“Custom haute couture designer” is an excellent filter for weeding out products and services that are going to cause more angst than anything else; the mere use of these terms together suggests that their skills most likely leave something to be desired. Akin to calling my high school diary literature and declaring it part of the Canon. Just because you say it doesn’t make it true.

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That ongoing quest to distract myself from life while maintaining my balance on it’s metaphorical bicycle, simultaneously searching for the meaning of it often lands me in front of doctors – both eastern and western – then inevitably in front of the fridge in a fit of rage that there is nothing for me to eat/nothing I can eat.

Someone wiser than me, but infinitely more irritating, told me to, “Fuck them all. You only live once. We all only live once.” Which is true, and very emphatic on his part, but I’d like it to be a long once. Tempering his statement with, “Just don’t go crazy,” I realised that perhaps he had a point.

Amending my extremist diet, I tried one version of gastronomical temperance. It involved sneaking powdered magnesium into my ice cream. This sort of fraudulence would never last. I scoured my recipes; mostly rich, heavy, mediterranean dishes. I tried to console myself with Dan Buettner’s Blue Zones. If there were 105 year old Sardinians, I would be fine, right? More lies. I returned to the digital drawing board only to get sucked viciously into the waters of Medoc and Mimi Thorisson‘s unnecessarily stunning recipes that were absolutely unattainable in my kitchen. With my frustration growing at both my inability to remember recipes more complicated than lasagne as well as my abysmal French, I stepped back and took a long hard look at myself – not literally, that’s impossible without a mirror – and realised I was doing it again. I was going to the extreme. Continue reading

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A relative will turn 100 this year and she has a son in law that she hates with the fire of a thousand hells. It is an ongoing source of joy in my life to witness someone hold a grudge so consistently, with such dedication it’s second nature. What was once perhaps a concerted effort is now so natural that to treat him otherwise would just cause confusion.

I once joked that she was in competition with her sister to see who would outlive who. I put my money on her, what with her record for stubbornness. I wish I had put actual money on because she did outlive her younger sister.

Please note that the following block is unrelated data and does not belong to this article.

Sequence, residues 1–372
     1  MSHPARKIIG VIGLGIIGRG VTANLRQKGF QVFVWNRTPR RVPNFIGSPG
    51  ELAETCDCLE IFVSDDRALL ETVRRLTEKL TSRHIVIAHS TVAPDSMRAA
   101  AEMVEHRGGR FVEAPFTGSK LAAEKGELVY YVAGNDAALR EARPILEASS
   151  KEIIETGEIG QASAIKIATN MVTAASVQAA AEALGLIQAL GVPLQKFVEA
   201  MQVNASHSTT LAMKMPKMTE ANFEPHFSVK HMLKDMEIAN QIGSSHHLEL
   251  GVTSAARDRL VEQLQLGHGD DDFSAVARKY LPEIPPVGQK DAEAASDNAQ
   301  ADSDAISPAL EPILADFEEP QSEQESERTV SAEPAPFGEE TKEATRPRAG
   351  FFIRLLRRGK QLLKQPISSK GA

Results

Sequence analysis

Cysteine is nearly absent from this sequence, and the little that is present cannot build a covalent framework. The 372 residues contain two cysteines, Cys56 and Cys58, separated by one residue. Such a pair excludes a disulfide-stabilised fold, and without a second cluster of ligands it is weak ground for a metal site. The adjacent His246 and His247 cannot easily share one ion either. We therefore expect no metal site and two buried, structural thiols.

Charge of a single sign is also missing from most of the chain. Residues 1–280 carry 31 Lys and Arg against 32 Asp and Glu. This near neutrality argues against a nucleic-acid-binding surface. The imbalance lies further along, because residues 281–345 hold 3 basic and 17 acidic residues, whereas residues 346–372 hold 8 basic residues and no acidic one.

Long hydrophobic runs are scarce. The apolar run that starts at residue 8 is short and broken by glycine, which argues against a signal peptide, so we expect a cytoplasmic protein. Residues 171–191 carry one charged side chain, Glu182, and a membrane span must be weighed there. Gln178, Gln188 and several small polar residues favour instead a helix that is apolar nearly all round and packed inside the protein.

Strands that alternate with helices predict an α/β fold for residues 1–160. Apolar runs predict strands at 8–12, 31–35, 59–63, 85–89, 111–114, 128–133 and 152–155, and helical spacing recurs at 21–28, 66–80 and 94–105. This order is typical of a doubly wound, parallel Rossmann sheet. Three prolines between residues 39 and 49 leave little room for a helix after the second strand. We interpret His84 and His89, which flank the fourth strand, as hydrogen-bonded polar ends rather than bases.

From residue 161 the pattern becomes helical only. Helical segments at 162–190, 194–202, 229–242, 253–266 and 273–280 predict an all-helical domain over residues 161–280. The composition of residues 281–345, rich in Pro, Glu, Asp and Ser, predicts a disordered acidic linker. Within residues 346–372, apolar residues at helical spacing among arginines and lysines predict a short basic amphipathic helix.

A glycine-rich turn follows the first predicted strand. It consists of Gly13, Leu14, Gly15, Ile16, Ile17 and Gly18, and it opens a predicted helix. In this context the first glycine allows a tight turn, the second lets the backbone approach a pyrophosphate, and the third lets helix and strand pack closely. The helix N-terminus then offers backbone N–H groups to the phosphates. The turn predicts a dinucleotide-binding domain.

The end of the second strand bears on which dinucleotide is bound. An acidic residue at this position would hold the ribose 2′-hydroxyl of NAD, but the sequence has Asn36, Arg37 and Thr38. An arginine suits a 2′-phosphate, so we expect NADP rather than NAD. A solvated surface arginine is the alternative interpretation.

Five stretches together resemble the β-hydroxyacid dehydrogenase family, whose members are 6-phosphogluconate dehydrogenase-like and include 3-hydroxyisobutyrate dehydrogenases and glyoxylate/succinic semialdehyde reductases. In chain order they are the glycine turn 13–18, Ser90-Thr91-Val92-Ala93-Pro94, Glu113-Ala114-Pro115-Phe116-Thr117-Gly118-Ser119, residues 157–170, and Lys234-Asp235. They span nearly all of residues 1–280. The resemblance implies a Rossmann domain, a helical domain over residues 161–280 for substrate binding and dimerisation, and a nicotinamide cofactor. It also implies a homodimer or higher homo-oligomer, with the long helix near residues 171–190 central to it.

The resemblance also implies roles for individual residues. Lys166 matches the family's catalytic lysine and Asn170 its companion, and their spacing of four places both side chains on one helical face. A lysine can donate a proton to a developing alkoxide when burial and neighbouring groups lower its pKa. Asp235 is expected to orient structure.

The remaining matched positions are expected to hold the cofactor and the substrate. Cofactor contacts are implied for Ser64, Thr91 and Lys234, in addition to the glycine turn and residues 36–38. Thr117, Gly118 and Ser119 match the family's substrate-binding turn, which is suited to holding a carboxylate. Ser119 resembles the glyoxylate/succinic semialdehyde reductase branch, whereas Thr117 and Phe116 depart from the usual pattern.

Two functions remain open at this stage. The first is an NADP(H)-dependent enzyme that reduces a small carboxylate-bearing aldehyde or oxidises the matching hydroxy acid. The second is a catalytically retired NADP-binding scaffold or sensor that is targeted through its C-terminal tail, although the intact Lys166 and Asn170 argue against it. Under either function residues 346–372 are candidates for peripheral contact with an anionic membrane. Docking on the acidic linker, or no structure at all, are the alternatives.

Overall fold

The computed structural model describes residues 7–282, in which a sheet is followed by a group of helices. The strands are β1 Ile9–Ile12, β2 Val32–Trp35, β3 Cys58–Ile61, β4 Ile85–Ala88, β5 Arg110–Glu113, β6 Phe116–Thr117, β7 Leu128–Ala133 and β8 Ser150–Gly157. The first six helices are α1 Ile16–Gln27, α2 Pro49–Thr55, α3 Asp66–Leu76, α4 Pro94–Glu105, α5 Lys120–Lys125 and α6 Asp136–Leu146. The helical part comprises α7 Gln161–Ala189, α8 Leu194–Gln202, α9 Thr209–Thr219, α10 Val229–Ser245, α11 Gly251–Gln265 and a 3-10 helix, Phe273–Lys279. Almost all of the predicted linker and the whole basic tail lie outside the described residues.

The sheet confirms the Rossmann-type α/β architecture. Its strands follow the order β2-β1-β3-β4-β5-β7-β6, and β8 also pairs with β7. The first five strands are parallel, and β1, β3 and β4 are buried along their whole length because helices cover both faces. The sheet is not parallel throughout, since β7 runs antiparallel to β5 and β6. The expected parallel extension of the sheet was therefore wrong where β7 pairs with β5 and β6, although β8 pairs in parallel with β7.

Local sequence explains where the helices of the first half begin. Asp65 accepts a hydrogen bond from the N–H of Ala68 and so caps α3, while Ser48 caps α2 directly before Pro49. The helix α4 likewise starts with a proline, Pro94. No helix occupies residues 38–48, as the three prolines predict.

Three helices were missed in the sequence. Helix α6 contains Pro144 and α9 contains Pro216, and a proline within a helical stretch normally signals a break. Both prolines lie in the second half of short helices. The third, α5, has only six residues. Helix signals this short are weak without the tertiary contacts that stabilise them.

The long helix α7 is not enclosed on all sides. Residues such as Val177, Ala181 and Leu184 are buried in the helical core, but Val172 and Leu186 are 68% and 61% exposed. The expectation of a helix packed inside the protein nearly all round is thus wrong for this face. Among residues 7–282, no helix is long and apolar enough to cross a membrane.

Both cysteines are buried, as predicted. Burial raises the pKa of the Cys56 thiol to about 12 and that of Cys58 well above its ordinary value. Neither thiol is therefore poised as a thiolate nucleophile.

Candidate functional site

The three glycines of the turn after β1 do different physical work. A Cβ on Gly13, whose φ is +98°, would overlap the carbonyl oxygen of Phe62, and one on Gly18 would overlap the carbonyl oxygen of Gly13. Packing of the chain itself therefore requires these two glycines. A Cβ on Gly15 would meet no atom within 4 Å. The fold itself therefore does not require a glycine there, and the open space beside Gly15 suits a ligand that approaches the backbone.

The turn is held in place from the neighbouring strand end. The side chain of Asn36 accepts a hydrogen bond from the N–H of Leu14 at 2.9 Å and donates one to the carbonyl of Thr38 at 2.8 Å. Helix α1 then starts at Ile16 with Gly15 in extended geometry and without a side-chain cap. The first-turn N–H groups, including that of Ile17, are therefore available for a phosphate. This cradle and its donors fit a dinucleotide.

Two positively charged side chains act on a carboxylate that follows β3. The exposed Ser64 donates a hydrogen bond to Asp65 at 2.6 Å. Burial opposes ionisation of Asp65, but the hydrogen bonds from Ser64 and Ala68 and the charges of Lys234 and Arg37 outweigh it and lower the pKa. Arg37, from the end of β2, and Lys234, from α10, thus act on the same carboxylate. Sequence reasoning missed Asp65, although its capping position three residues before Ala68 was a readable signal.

In the past few days I’ve put out a few requests that, if I were to be rational about it, may have been asking a little much, however one does not get things done by being a retiring wall flower. Interestingly, today I received a response that boiled down to a very polite, “No.”

Reading and re-reading this email I considered my emotions as they passed by. Embarrassment at having asked? For the most fleeting of seconds yes, but it barely registered. Irritation at his answer? Absolutely. But by the last reading I had settled on one dominant emotion: Dismissive.

You know who else is stubborn? The Queen of England. Seems to have worked out pretty well for her.

I discovered a while ago that being told no is just not something I’m interested in hearing. If I accept “no” as an answer I’ve come to realise that I almost always never really wanted whatever it was I’m being denied in the first place.

That or I’m just hard wired to ignore the two letter word.

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1978 Newsstand

In a moment of pure, mid-twenties, childless joy, I, on a random Tuesday morning, woke early and greeted the day with a series of challenging asanas that stretched my body and invigorated my mind.

Easing into warrior three, my back foot flexed so as to close the cutlery draw gently with the tips of my toes while my opposite hand stretched out to release the steam valve on my coffee machine. Balancing in half lotus after almost crushing with my bare foot a Christmas beetle in possession of an unfortunate sense of direction, I made my way through what I like to call Standing Bean Vinyasa as I pulled the lever on the vintage machine that fills me with joy every time I hear it hiss before temperamentally steaming my milk. Some days it will work, some days it won’t. The daily suspense is gripping.

Then I went back to bed. In this new position (Almost Caffeinated Goddess pose) I proceeded to spend the next two hours reading a stack of magazines.